Stanford Probes Claim Woman Conned Her Way Into Living in Dorms

Stanford University officials said they were investigating claims that a young woman passed herself off as a student, talked her way into several dormitories and lived on campus for eight months.

The university would not disclose the woman's name or the circumstances surrounding her suspected ruse, but the school's student newspaper identified her as Azia Kim, 18, of Fullerton.

"We consider these allegations, if confirmed, to be a serious breach of security within the residence halls," Greg Boardman, Stanford's vice provost for student affairs, said in a news release Thursday. "We are conducting a full investigation into what occurred and how security can be improved."

The Stanford Daily, quoting one of Kim's former roommates, said the deception started last September, the day before Stanford's orientation for new students. Two sophomores agreed to let Kim stay in their room after she told them she did not like the roommate she had been assigned.

During the fall and winter terms, Kim allegedly slept in the other women's room or the lounge of the 210-resident dorm. Last month, she moved into another dorm after being referred to another student who needed a roommate.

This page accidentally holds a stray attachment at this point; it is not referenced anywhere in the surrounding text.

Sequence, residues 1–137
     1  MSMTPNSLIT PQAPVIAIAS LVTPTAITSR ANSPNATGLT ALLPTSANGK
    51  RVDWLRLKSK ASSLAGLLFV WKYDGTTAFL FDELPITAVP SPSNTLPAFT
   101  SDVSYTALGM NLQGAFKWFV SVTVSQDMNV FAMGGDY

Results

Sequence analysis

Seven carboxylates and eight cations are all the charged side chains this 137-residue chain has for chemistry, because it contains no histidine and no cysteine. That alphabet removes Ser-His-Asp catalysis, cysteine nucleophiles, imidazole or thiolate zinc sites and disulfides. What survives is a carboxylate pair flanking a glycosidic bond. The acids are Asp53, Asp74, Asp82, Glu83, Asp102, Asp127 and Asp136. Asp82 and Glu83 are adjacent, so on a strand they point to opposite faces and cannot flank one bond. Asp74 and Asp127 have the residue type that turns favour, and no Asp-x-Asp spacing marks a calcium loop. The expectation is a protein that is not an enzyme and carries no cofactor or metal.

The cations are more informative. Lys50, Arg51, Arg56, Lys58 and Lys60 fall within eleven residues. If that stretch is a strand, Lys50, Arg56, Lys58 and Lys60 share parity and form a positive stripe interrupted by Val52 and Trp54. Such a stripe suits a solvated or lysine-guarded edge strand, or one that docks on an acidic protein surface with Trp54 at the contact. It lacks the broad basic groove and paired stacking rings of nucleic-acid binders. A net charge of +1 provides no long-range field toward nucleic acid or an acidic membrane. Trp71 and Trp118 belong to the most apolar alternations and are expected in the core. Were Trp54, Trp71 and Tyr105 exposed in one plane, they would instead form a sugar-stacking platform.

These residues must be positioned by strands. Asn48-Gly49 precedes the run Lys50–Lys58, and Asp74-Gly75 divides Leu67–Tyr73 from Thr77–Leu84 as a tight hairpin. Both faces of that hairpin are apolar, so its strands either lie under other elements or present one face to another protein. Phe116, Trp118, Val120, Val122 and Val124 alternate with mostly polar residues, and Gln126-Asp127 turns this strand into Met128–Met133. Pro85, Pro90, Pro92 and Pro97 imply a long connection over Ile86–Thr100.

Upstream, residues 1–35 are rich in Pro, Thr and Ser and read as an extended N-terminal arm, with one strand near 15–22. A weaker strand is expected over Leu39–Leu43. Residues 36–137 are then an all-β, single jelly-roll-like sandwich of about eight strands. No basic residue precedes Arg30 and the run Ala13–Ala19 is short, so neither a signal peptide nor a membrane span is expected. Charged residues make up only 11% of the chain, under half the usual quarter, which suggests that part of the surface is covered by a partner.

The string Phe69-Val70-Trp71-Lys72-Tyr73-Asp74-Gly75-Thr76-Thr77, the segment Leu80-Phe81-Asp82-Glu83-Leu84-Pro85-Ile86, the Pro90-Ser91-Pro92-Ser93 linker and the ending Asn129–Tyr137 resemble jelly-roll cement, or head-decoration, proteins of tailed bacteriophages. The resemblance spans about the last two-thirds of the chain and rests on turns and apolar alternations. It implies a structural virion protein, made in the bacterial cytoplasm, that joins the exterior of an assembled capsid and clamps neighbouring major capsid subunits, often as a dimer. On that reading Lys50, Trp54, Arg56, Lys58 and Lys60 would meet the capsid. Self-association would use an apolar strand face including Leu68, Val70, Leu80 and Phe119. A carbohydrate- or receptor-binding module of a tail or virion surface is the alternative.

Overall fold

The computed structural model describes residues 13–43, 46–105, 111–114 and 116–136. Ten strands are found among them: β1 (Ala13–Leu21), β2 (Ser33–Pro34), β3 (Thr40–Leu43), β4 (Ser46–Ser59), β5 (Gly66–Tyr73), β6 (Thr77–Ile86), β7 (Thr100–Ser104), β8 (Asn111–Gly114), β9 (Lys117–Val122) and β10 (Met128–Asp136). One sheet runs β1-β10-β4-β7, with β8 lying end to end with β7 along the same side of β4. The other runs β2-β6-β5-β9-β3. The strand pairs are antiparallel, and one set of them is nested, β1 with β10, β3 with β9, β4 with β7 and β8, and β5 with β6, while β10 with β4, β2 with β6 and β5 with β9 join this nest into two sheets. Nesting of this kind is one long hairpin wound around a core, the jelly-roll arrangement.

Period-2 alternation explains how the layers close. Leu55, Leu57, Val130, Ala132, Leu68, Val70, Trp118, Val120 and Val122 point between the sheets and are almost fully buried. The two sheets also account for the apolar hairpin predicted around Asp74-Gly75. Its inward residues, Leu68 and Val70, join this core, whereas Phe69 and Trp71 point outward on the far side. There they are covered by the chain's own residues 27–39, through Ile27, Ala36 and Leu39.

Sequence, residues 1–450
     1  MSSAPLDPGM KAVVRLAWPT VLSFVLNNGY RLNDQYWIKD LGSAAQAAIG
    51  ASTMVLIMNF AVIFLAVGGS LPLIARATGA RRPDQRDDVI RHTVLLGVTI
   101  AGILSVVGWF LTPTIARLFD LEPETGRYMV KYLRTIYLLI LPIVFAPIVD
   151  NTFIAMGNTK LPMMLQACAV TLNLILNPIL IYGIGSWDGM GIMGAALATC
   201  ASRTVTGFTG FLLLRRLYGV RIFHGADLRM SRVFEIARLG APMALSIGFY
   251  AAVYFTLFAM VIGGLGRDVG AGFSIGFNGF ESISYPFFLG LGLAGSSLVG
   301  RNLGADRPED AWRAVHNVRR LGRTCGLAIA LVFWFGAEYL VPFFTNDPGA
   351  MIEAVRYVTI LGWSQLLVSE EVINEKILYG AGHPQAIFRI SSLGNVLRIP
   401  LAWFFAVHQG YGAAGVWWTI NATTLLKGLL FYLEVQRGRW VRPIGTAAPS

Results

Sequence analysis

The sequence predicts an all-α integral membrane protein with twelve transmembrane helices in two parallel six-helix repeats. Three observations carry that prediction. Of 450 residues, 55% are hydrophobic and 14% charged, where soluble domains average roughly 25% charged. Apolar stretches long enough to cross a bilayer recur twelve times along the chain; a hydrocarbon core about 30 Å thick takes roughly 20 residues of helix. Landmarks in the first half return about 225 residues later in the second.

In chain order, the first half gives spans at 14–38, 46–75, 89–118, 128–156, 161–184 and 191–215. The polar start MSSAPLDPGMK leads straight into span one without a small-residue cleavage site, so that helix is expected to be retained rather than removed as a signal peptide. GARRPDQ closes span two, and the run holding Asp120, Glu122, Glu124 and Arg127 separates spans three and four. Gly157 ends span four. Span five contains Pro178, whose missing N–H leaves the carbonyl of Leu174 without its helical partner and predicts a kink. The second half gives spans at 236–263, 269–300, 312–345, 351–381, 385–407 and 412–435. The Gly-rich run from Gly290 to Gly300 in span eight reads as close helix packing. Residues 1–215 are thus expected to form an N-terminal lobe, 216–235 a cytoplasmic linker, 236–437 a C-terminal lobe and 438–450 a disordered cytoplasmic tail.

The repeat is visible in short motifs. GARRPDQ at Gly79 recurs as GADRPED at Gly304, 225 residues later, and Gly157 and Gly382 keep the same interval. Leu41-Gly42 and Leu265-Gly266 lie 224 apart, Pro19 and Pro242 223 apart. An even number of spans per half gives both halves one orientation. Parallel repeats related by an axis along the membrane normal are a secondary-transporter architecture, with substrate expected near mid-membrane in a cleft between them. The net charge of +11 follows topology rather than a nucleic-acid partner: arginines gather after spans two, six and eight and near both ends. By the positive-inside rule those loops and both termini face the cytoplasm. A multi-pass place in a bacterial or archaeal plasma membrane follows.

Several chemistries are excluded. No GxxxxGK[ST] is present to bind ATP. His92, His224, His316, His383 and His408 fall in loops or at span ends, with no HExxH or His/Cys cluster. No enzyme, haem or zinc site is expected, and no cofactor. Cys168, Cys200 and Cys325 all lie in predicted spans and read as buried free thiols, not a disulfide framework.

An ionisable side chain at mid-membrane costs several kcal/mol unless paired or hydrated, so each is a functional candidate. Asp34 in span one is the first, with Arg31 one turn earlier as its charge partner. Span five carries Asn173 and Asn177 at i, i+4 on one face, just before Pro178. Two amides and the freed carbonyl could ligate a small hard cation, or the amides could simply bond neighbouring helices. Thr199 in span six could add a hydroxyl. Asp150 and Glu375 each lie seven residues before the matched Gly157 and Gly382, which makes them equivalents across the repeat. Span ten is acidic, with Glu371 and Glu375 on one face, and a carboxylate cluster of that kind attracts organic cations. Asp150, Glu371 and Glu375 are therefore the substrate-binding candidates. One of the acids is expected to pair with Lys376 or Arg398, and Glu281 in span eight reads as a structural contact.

Acquaintances said that Kim was a small, unobtrusive graduate of a well-regarded high school, and that no one doubted she was at Stanford legitimately.

"Everyone knew she was studious, and I was pretty sure she probably got accepted into other universities," said Hannah Kim, who is not related to Azia Kim but went to middle and high school with her.

Resident assistants became suspicious after comparing conflicting statements Kim allegedly gave and contacting the student housing office. Kim was confronted and escorted from campus Monday, according to the Daily.

Amy Zhou, Kim's roommate in the second dorm, said Kim apparently got into the room through the window because she never had a key. Kim told other students she was a sophomore majoring in human biology and bought textbooks and studied with friends.

"Personally, I don't feel safe now that Stanford allowed this to happen and that they're not doing anything to ensure the safety of their students," Zhou told the newspaper.

Part of the investigation by campus police and administrators is focused on finding out if Kim took classes, ate meals in the dorm cafeteria or availed herself of other services, said Elaine Ray, a Stanford spokeswoman.

The university plans to forward evidence in the case to Santa Clara County prosecutors to determine if criminal charges are warranted.

"Stanford is a remarkably caring and friendly community," Boardman said. "It is unfortunate that some may be able to take advantage of that trust for their own ends."

Property records indicate that Kim's family moved frequently over the past decade, but a current telephone number could not immediately be obtained by The Associated Press.